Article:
Can a dog sense a dead person?
When animals mourn their dead
Deutsche Welle: Mr De Waal, I have an aquarium with piranhas. A piranha recently died - and the other six behaved strangely, were unusually calm, and refused to eat. Have you mourned your companion?
Frans de Waal: I don't think so. Piranhas sometimes nibble at each other. I don't think they're very kind to each other. In general, it is rare for fish to grieve. Unless they are individually linked fish - this happens with some species.
Frans de Waal denies piranhas the ability to mourn
Then why did my piranhas behave so strangely?
Fish release substances called repellants when they are disturbed. Perhaps what happened to the other fish affected the fish - in a more physiological way.
What is the difference to 'real' grief?
We typically find mourning in mammals, such as mothers and their offspring. So whenever animals form individual bonds, have friends - which goes beyond pure swarming or something similar. All mammals have this to some extent, including birds. They often form couples for life. When the partner dies, she takes it very seriously.
What if the significant other is of a different species? You always hear stories of dogs mourning their deceased master. Are we interpreting too much into it?
No, it really does. I think of this dog in Tokyo - Hachiko was his name. After his master died, this dog came every day to the train that his master normally took to arrive - for about ten years he did. Whenever there are personal ties - whether between two cats, a dog and a person, or a cat and a human, grieving is possible.
In the 1930s, Hachiko came to the train station every day to pick up his master - but he was long dead
Do animals mourn like humans?
'Mourn like humans' is a powerful expression. I would say they are upset and unhappy. When one of the chimpanzees dies, the others usually don't eat for a few days. They become very still, stare at the dead body for a long time, trying to bring it back to life. This, for example, is very human - we don't do it these days, but in the past people tried to bring their dead back to life.
This state of unhappiness only lasts for a few days?
If a very important companion like your best friend or an offspring dies, it can take longer, even years. I knew a female chimpanzee who lost her cub and who was worried about it for months.
But how do we know that these animals really mourn? Maybe your behavior is just messed up because something is missing that was there before?
Frans de Waal: 'Primates understand that death is forever. "
I remember the story of a mother baboon whose baby was killed by a predator. Weeks later, the female passed exactly where she had lost her cub. There she climbed a tree and started calling. That suggests that she remembered what happened in that place and that she missed her cub.
Do you think the animals realize that the deceased will never return?
One thing primates know for sure about death is that it is forever. That once someone is dead, he or she is actually dead and has stopped moving - I think they understand that.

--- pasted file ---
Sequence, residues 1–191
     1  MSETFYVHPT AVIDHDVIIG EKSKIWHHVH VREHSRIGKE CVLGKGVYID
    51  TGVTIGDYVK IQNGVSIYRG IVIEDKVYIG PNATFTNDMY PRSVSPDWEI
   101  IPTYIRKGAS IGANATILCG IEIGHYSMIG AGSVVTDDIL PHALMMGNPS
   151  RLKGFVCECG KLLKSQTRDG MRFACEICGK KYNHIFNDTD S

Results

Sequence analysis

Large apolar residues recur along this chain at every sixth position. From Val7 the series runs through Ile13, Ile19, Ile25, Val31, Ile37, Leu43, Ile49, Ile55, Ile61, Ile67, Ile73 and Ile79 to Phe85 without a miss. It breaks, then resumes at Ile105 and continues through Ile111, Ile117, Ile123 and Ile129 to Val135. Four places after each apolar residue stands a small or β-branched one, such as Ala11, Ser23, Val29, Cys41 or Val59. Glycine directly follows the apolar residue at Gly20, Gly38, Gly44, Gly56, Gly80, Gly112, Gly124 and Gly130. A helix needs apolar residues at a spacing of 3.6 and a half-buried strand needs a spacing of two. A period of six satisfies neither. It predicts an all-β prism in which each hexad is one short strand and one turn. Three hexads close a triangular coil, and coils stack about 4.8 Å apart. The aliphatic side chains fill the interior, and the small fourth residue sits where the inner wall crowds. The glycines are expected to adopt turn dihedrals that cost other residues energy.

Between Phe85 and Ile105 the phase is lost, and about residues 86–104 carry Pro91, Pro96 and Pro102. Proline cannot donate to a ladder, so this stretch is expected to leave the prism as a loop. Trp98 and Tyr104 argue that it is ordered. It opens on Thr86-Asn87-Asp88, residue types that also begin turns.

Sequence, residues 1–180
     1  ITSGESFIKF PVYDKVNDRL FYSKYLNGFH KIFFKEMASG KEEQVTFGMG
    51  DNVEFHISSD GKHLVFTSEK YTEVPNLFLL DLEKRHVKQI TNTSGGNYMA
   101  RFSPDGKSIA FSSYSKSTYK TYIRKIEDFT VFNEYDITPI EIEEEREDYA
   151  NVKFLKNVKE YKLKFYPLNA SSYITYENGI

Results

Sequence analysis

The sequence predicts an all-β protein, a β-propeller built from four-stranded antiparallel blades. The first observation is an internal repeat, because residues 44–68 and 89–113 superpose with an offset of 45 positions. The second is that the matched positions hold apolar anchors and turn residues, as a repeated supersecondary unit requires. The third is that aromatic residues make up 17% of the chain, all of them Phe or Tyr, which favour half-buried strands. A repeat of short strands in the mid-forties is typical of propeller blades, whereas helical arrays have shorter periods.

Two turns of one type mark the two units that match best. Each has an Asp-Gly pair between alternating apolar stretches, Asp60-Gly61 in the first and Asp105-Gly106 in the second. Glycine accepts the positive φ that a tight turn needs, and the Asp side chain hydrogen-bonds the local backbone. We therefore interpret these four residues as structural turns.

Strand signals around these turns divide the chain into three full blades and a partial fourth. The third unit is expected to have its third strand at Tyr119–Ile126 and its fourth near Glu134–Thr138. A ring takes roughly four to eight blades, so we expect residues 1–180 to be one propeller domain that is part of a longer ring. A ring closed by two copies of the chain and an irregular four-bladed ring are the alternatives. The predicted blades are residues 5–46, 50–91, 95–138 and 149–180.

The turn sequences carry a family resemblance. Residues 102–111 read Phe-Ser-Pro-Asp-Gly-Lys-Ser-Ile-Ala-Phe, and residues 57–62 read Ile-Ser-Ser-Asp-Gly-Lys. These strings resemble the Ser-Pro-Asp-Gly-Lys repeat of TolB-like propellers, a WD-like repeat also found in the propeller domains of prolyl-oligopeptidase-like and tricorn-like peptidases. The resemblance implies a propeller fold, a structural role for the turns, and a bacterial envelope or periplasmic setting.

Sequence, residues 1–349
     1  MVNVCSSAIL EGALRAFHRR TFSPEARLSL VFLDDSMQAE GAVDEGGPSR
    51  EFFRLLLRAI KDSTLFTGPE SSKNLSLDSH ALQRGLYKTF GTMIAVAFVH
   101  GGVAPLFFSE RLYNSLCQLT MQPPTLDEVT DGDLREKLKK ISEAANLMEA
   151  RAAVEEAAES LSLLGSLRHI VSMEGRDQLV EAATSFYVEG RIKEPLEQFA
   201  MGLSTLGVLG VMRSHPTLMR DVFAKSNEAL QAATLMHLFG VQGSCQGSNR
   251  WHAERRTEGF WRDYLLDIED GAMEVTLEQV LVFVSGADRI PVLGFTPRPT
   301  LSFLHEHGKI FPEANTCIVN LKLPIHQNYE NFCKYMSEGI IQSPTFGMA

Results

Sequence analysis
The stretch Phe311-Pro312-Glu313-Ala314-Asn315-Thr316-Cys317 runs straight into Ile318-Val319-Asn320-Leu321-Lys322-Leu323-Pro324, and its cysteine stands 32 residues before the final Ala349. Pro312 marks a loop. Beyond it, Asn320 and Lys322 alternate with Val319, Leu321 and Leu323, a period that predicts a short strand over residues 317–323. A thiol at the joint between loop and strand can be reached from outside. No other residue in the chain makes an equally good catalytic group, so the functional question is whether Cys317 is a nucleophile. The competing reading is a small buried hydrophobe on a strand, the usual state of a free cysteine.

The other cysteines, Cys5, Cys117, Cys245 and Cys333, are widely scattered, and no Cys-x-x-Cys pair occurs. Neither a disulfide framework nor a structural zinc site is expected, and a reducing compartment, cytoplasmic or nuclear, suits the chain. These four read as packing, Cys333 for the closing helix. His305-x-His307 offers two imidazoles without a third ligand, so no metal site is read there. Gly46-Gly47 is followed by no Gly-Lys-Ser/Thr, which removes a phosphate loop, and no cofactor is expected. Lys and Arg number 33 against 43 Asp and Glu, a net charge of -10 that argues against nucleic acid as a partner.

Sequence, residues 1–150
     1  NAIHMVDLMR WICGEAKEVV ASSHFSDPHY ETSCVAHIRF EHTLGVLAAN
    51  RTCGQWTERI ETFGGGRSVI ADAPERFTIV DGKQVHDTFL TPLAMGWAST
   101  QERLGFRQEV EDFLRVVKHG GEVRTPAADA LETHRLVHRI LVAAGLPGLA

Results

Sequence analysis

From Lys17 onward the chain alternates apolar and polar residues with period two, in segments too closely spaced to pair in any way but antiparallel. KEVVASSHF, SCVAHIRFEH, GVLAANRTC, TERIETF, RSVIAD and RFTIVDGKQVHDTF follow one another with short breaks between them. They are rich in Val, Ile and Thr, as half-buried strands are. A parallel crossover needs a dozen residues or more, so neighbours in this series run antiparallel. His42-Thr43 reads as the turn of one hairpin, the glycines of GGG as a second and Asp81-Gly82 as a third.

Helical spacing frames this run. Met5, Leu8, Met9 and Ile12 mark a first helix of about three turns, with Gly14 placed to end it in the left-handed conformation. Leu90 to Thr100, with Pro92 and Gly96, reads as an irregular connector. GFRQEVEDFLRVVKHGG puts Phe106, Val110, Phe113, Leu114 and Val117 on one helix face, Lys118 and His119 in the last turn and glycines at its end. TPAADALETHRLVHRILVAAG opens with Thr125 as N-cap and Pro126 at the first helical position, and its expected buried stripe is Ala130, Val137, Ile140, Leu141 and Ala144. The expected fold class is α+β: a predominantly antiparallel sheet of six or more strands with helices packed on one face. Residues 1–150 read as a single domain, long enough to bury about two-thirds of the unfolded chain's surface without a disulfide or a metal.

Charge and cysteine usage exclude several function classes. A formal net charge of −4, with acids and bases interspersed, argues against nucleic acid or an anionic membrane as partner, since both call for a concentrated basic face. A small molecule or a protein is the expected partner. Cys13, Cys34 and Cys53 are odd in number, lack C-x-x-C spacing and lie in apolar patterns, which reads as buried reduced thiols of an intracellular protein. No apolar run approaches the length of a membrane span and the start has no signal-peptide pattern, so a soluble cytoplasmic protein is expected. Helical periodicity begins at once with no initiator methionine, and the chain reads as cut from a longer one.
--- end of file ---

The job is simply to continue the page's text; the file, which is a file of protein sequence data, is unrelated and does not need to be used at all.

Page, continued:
How do you know?
I can tell you an anecdote about bonobos who found a very dangerous snake in the forest. They were very scared and poked the snake with sticks. At some point the alpha female came along, grabbed the snake's tail, hit it on the ground, and killed it.
Then the young bonobos in the group took the snake, hung it around their necks and played with it. This indicates that they know this snake is very dangerous and that you have to be careful - but once it's dead, it's okay to play with it. So I think they understand that death is an everlasting state.
Do great apes understand that one day they too will die?
I think no. There is no sign that they have this understanding.
Great ape mothers have strong bonds with their babies
In your opinion, which animals mourn particularly impressively?
Probably the elephants. They even go back to the bones of the deceased. When an elephant dies - and this is not uncommon with poaching these days - the other elephants inspect the dead elephant's bones afterwards - if they can find them.
I don't know if anyone has already checked whether these are any elephant bones or those of the elephant they knew - but I suspect the latter. It's a bit like going to the cemetery.
Do some animals bury their dead in a kind of grave?
No, they don't dig a grave. It may be that they cover the dead with something. But this is probably more of a protection against predators, because a decaying body attracts predators and scavengers.
So graves are typically human?
Human species Homo Naledi
In any case. Remains of Homo naledi, one of our ancestors, were recently discovered. The research team claimed that these ancestors buried their dead - a typical indication of humanity. However, there are now doubts about this claim.
Does it help animal and species protection if we know that animals mourn?
Everything we learn about the emotional life of animals helps - because it makes animals more complex, more human and more attractive to many people. This knowledge contributes to the fact that we look at animals differently and treat them differently. It has moral consequences, so to speak.
Frans de Waal is a Dutch primatologist and behaviorist. He is Professor of Primate Behavior at Emory University in Atlanta, USA and directs the Living Links Center at the Yerkes National Primate Research Center. He works mainly with chimpanzees and bonobos and has written many books including 'Man, the Bonobo and the Ten Commandments: Morality Is Older than Religion' and 'The Monkey In Us: Why We Are Like We Are'.
Interview: Brigitte Osterath
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